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The life of the vain, cultured and well-educated George revolved around banquets, horse racing, hunting, gambling, boxing, theatre and his many love affairs. But the Prince’s patronage of the small resort town of Brighton lasted from 1783 to his final visit in 1827. The transformation of Henry Holland’s modest Marine Pavilion in 1827 to John Nash’s extraordinary Xanadu-like structure of capricious oriental splendour (1815-1822), with its Empire theme of domes and minarets, was stuffed full of exquisite French, English, and Chinese export furniture and objects, created for an individual who had supreme confidence in his own taste and was mostly indifferent to the opinions of others.

Written by the Royal Pavilion’s director, A Prince’s Passion offers up some marvellous, mad insights into this large, throbbing, domestic machine, with its revolutionary steam-heating system, which kept the pavilion unbearably hot, and its great steam table in the kitchen used for keeping 40 dishes hot at once.

There was gas lighting outside the building which illuminated the painted glass windows for the benefit of people inside and, while it was usual for men at dinner to relieve their bladders in chamber pots without leaving the dining room, the regent’s architects provided nearby lavatories. The prince’s orchestra played loudly throughout dinner, sending guests mad, and the royal household was so vast and bureaucratic that the Lord Steward’s office was responsible for laying one of the 200 fires, while the Lord Chamberlain’s office would send someone to light it.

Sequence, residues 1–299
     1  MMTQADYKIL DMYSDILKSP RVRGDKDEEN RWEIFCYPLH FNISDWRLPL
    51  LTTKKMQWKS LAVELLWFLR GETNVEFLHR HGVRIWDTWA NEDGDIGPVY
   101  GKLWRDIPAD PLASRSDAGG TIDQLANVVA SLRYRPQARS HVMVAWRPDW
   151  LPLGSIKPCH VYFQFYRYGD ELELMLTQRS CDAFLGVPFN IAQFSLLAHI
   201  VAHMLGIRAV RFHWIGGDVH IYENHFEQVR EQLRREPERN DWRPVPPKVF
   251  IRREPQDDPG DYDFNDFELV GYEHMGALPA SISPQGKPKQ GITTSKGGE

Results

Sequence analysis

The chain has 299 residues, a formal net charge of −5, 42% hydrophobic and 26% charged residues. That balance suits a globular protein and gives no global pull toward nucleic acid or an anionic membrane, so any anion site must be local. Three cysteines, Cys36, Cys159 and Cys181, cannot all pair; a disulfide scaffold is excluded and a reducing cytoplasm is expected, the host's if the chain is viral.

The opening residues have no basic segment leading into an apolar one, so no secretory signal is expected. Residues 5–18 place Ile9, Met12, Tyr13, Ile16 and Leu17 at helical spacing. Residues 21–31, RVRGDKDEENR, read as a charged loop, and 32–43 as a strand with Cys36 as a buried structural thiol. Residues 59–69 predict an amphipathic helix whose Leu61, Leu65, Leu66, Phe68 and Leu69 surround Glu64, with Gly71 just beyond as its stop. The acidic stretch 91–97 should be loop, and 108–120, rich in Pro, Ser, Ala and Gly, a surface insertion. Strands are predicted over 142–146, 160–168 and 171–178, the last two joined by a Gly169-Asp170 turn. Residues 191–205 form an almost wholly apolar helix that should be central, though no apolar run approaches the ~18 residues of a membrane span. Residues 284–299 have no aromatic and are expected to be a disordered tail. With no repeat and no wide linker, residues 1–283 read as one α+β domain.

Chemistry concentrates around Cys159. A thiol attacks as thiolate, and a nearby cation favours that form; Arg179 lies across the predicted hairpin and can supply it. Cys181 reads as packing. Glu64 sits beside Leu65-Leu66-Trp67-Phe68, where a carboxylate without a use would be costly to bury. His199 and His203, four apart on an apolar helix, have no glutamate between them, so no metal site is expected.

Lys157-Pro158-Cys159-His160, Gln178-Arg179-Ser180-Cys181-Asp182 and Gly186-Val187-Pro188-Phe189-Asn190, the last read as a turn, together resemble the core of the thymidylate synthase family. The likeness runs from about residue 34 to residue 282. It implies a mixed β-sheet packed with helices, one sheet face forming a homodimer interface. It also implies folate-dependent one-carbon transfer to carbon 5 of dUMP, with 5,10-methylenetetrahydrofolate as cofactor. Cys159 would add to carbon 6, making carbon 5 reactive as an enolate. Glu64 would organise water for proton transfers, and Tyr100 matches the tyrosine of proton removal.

Chapter titles include Such magnificene and luxury – the King and Nash’s New Pavilion; Managing the Pavilion: the complexities of the Royal Household; Ill-health and remedies; French chefs, dining and social etiquette; and a Controversial Palace: reviled and restored.

As was said at the time: “The King is to this town what the sun is to our hemisphere” – and for a while the Prince Regent certainly awakened the spirit of Brighton.